BOGOTÁ (HPD) — A group of eight active military, former military and civilians were prosecuted for allegedly being part of a network that obtained weapons and ammunition from military strongholds to illegally sell them to illegal armed groups, the Colombian prosecutor’s office reported Monday.
In Colombia the carrying of weapons is under the control of the government, which only grants some permits to citizens. However, the prosecution found that military and ex-military personnel apparently took advantage of their positions to obtain machine guns, rifles, pistols and cartridges for individuals who were in charge of selling them to illegal groups.
According to the investigation, the army’s weapons came into the hands of the Clan del Golfo cartel, the guerrilla National Liberation Army (ELN) and the dissidents of the Revolutionary Armed Forces of Colombia (FARC) that did not accept the peace agreement signed between the State and that guerrilla in 2016.
The prosecution found that the money from the negotiations was sent by money orders. One of the soldiers received around 586 dollars in a few days, which according to the prosecutor did not correspond to the legal payment made by the army for his salary. In total, the accusing entity claims to have evidence of payments for more than 10,200 dollars between 2017 and 2022.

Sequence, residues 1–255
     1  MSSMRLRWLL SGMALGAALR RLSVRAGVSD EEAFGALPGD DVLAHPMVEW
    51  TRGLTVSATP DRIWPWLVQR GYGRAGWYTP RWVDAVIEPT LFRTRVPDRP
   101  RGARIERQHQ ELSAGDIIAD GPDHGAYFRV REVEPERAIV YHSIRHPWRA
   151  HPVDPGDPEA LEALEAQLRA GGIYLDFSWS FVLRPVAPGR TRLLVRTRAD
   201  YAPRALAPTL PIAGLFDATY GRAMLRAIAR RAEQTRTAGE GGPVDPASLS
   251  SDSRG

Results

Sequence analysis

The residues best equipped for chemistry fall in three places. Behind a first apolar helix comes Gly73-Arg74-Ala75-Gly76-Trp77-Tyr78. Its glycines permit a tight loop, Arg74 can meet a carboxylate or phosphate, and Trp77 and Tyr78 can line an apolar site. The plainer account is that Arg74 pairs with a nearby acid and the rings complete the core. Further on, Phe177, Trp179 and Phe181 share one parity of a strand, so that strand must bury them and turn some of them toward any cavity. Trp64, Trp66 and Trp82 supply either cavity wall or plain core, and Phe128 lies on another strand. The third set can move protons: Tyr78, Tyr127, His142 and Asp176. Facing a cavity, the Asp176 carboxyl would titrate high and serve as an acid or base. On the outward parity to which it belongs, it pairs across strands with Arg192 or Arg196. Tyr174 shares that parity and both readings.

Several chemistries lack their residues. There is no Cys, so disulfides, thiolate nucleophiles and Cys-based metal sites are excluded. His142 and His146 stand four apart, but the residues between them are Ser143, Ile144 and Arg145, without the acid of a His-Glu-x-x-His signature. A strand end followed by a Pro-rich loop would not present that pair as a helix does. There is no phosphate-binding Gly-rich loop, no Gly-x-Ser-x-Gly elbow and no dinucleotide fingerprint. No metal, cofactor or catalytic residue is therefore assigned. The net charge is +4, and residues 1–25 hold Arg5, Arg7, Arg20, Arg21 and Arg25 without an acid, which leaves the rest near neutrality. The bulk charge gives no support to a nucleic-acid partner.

With the advance of the capture operations in various parts of the country, one of the soldiers deserted the army, after 18 years of service, to allegedly evade justice. The prosecutor indicated in a hearing that the soldier acquired a false identity card and fled from Bogotá to hide in order not to be captured.
The illicit network obtained the weapons from military forts in various parts of the country such as Bogotá, Caquetá, Meta, Putumayo and the Atlantic Coast. The weapons and cartridges would have been stored in Medellín in a commercial establishment.
Among those captured there is an ex-soldier and a civilian who would have reoffended, despite being convicted of the crime of arms trafficking. Since their house arrest, they apparently maintained contact with battalion officials to “continue acquiring weapons on a large scale,” the prosecution detailed.
Only one of the defendants accepted the charges for the crimes of trafficking and carrying weapons, ammunition for restricted use for the exclusive use of the Armed Forces, conspiracy to commit a crime and illicit enrichment.